It is well known that the business of healthcare is unlike any other business and, until recently, the business aspect of it was commonly overlooked. However, as we move into this new era and take a closer look at the financial aspect of modern medicine, it is important for doctors, especially those in private practice, to become well-versed in how to do business better.

One aspect of the ever-changing business of healthcare that has become overwhelmingly important in just the past five years, is collecting fees for service directly from the patient. This is quite different from the past 30 years when most of the financial responsibility was held in the hands of the insurance companies and patients were only responsible for a small copay. But now, over 50% of health plans are high deductible plans and out of pocket expenses have risen over 230% in the last 10 years!1.

While patient financial obligation is at its highest, there are still many doctors who routinely waive copays and deductibles, not even bothering to send statements. This happens for many reasons from staffing, to poor book keeping, and the belief that the patients will not pay for the services rendered even if the statement is sent. Not only is this bad business - leaving over $30,000 on the table annually - but routinely waiving patient financial responsibility carries legal implications as well2.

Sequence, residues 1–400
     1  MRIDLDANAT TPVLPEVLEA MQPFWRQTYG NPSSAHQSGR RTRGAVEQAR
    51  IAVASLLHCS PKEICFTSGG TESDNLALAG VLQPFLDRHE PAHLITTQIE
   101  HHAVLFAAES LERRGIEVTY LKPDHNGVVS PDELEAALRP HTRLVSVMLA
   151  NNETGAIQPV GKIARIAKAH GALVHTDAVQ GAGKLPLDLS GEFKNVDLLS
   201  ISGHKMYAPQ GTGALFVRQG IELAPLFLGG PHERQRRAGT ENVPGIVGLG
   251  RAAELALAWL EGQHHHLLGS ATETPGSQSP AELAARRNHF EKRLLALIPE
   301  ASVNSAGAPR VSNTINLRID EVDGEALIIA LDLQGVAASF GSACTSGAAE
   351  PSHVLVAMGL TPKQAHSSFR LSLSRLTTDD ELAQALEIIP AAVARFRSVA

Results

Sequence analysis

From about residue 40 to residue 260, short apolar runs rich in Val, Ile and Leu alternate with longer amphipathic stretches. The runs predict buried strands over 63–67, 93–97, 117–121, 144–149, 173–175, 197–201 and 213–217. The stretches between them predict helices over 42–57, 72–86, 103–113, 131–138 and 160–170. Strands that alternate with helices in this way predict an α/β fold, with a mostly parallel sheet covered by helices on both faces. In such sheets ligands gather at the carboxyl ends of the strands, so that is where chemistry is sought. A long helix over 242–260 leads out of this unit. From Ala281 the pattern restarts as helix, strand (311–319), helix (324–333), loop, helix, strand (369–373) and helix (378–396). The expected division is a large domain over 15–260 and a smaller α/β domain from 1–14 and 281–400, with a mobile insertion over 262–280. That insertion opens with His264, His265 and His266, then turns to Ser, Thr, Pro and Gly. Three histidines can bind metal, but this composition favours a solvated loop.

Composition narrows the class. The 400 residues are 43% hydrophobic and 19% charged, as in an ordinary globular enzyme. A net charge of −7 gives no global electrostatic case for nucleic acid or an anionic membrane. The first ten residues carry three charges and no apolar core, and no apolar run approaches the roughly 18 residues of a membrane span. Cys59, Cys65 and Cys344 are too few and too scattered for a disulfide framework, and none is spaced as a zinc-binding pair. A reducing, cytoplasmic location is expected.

Many physicians are likely aware that federally funded insurance, such as Medicare, carry rules that stipulate payment not only from the insurer, but also the patient. It has been argued by the Office of the Inspector General (OIG) that waiving fees falls under the Anti-Kickback Statute (AKS) and is misrepresentative of actual charges and is considered as an offer to pay on the patient's behalf, which could be considered fraudulent. Furthermore, the OIG has concluded that waiving copays and deductibles removes the distinction of utilization, which can increase payor costs3. For example, grandma might be more inclined to visit the doctor for minor issues that can be easily treated at home, if she knows that her out of pocket copay of $25 will be waived.

Conducting this practice is punishable by law and the sentence is no joke. The result may be monetary penalties of up to $11,000 per service provided or up to 5 years in jail4. If a physician is ever audited by Medicare, it then becomes important to have proof that statements have been sent in an attempt to collect payment.

Not only is the legality of attempting to collect patient financial responsibility a Medicare issue, but commercial payors also have their rules and regulations. Under the Employment Retirement Income Security Act (ERISA), which is a broad set of federal laws that govern health insurance, payors such as Cigna and United have sued hospitals and physicians alike for routinely waiving copays and deductibles. It has been argued that commercial insurance involves a contact that establishes mutually agreed upon deductibles and copay amounts. If the provider waives these, they are effectively reducing the covered lives contractual and legally binding financial obligation. Therefore, by waiving these fees, the provider is interfering with the contract and is at risk to be sued for damages5.

Not only is it good business to send out statements, but it's also illegal not to. Having a good system to do this routinely and in a way that tracks the attempt to collect will be key in avoiding any legal penalties.


1 The Kaiser Foundation
2 6th Annual Report in Healthcare Payments
5 Becker's ASC Review